By Harold Sala
Until now you have not asked for anything in my name. Ask and you will receive, and your joy will be complete. John 16:24
One of my favorite snapshots is that of my son kneeling down with both hands outstretched towards his eleven-month-old son who is just learning to walk. Their eyes are locked. Steve, my son, has a big smile on his face. What the photo doesn’t capture is his warm, inviting voice, as he says, “Come on, Christian, come on….”
It’s a picture of trust and commitment as a little boy took those first tentative steps towards his daddy, whose hands quickly caught him as he lost his balance and started to fall.
Only someone with a very perverted mind would kneel before his little son, encouraging him to come, then allow him to fall when he could easily catch him and prevent his falling. Trust is the result of a loving relationship. A little fellow learning to walk is completely innocent. He trusts implicitly.
Some individuals, however, face situations which perplex them. They pray and ask God to do something, claiming promises from God’s Word. Then when things don’t come together as they expect, they think that God held out His hands toward them, asking them to walk towards Him, but when they stumbled, He wasn’t there to catch them, and they fell.
Then they hesitate, uncertain, not knowing whether or not God can be trusted. There are as many variations of this as there are disappointed men and women. Question: Do we have unrealistic expectations of what God will do? Or is it that we have been misled by pop theology, by those who teach that you can ask God to do anything and He will do it? They often site verses such as John 14:14, which says, “You may ask me for anything in my name, and I will do it.”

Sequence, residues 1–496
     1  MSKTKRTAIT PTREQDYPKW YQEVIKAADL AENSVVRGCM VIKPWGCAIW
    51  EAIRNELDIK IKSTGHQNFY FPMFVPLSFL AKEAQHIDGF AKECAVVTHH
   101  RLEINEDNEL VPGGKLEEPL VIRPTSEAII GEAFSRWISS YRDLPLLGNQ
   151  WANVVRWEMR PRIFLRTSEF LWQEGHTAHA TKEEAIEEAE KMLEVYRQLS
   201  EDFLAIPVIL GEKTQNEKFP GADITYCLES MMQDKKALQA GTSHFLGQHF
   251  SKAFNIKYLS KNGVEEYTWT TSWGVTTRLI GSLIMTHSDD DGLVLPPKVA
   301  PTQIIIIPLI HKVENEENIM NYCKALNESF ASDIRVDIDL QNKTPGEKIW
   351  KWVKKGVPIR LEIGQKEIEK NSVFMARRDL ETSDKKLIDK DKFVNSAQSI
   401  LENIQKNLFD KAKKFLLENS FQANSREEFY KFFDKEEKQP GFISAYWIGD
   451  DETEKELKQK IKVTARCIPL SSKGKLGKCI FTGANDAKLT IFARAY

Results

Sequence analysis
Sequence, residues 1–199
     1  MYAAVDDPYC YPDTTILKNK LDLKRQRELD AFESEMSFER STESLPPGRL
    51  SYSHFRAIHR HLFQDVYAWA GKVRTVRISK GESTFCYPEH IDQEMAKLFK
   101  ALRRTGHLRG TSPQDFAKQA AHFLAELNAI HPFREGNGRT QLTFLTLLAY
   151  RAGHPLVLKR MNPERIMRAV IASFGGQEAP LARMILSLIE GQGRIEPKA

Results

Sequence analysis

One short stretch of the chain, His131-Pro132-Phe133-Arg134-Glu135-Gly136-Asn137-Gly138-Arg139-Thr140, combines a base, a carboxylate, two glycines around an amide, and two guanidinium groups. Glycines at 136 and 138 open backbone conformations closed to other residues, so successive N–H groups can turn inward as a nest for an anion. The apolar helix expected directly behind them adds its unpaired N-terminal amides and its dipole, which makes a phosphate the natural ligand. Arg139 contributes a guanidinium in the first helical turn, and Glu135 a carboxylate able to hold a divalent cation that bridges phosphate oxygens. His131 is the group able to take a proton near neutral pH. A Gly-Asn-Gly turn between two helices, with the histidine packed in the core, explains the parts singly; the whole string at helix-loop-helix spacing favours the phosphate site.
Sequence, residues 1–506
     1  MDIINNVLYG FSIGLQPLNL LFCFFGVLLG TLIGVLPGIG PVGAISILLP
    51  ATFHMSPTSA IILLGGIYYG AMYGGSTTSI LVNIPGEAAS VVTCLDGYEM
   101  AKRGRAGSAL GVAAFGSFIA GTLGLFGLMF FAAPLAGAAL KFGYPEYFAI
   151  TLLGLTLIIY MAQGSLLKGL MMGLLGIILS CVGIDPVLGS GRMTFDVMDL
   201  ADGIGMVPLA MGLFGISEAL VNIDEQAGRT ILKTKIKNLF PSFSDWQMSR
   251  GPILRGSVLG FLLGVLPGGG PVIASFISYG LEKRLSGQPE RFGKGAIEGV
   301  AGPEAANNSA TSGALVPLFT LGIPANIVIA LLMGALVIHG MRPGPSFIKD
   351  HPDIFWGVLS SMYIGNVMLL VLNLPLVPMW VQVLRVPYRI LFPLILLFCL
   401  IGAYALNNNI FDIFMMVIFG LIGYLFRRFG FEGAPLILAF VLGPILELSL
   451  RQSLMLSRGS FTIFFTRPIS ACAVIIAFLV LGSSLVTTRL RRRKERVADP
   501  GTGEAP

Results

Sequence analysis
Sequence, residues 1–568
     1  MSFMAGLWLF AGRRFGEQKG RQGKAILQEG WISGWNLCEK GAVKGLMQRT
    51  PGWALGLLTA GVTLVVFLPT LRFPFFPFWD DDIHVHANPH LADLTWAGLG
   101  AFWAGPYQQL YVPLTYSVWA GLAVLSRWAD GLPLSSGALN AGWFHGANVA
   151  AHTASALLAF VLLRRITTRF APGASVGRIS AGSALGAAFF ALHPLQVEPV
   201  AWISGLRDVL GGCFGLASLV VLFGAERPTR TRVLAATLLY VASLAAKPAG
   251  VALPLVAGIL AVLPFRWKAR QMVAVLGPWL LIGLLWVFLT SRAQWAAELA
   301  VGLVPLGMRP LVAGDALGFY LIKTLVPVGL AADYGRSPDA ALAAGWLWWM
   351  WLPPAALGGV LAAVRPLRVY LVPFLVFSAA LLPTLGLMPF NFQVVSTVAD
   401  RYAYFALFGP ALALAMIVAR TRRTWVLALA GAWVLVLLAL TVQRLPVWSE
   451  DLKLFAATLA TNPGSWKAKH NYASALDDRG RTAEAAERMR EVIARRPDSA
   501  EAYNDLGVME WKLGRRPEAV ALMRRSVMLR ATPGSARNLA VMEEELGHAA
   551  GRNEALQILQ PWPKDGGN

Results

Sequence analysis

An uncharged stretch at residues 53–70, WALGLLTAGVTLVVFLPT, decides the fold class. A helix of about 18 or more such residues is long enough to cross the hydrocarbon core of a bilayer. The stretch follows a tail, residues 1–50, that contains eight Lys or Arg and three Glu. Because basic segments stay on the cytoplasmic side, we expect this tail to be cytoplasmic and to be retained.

One of our problems, which results in frustration and hesitation, is that we are reading other people’s mail. Let me explain. Let’s suppose that inadvertently the mailman put a letter addressed to your neighbor in your post office box. Not paying attention to the address on the envelope, you open the letter and read an invitation to a dinner party next Friday night at the home of a famous celebrity. “Great!” you think. Pretty exciting. On the given evening you go to the home where the dinner party is to be held, but your name isn’t on the guest list. You are rejected.
Here’s the application. One of the first principles of Bible study is asking, “To whom was this promise given?” Then ask, “If the promise is made to a specific group or individual, is there a principle which does apply to me?” There are some promises in Scripture which are given specifically to individuals. It has their name on them exclusively. God made promises to Abraham, David, and many to His people Israel. Likewise, Jesus made some promises to specific individuals, yet there is an application which you can make to your own life.
A final thought. Your spiritual mailbox is full of unopened mail, with the sender’s address spelled h-e-a-v-e-n. The Bible is full of promises which have your name on them. Many of the marvelous promises found in the Old Testament, including the encouraging words of the Psalms, are universal principles which you can apply to your life, realizing that God will honor those promises. Most of what Jesus taught is for His followers of all ages and has your name on the address.
God is faithful and He honors the heart that is fully committed to Him. What the writer of Scripture penned three millenia ago is still true: “For the eyes of the LORD range throughout the earth to strengthen those whose hearts are fully committed to him” (2 Chronicles 16:9). Some things never change.
Resource reading: 2 Chronicles 16:1-10